Journal of Cultural Cognitive Science

, Volume 3, Issue 2, pp 113–139 | Cite as

Fixations in the visual world paradigm: where, when, why?

  • James S. MagnusonEmail author


Over the last 25 years, the visual world paradigm has enabled discoveries and theoretical advances in spoken language processing. However, the intuitive interpretation of fixations in the visual world paradigm—that fixations directly reflect over-time processes of activation and competition governing cognitive and language processing—deserves scrutiny. This paper provides a selective review of studies that suggest that the relations between fixations and ongoing processing are more complex than suggested by the intuitive interpretation. A particular challenge is explaining why context sometimes appears to have deep effects on language processing, while other times fixations appear to violate strong contextual constraints. I discuss implications of these seemingly contradictory patterns for theories of real-world language processing, and practical implications for using the visual world paradigm. Along the way, I review four possible linking hypotheses for connecting measures in the paradigm to theories of language and cognition. This review leads to the conclusion that implemented computational models will be needed to assess to what degree different linking hypotheses generate distinguishable predictions.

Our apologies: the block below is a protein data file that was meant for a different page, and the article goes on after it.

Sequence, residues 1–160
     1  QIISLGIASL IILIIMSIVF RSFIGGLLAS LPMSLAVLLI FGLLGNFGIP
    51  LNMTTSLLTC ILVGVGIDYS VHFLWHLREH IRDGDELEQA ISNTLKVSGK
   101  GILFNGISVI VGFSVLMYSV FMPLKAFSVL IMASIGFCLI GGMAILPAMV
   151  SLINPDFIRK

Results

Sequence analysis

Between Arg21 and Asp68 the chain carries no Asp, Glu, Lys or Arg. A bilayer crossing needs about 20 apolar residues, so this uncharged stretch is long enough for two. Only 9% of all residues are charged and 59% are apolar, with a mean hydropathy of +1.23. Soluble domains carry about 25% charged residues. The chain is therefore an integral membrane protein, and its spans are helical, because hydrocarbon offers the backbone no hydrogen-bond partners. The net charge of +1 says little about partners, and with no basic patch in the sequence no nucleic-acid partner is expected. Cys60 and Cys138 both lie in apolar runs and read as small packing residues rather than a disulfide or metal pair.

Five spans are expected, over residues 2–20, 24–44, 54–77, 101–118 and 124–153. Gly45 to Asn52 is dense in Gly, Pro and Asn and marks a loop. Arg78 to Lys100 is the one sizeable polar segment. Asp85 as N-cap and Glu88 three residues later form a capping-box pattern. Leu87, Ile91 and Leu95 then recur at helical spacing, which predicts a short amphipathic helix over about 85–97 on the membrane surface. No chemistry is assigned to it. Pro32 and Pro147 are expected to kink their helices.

Visual world paradigm Eye tracking Psycholinguistics 



This paper is based on a talk presented at the Attentive Listener in the Visual World meeting in Trondheim, Norway, in August, 2018. I am grateful to Falk Huettig, Mila Vulchanova, Valentin Vulchanov, Inge-Marie Eigsti, and Kenny Coventry for stimulating discussions that reshaped this paper. Preparation of this paper was supported in part by U.S. National Science Foundation Grants 1754284, Computational approaches to human spoken word recognition, and 1735225, Science of learning, from neurobiology to real-world application.

Compliance with ethical standards

Conflict of interest

On behalf of all authors, the corresponding author states that there is no conflict of interest.


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Authors and Affiliations

  1. 1.Psychological SciencesUniversity of ConnecticutStorrsUSA

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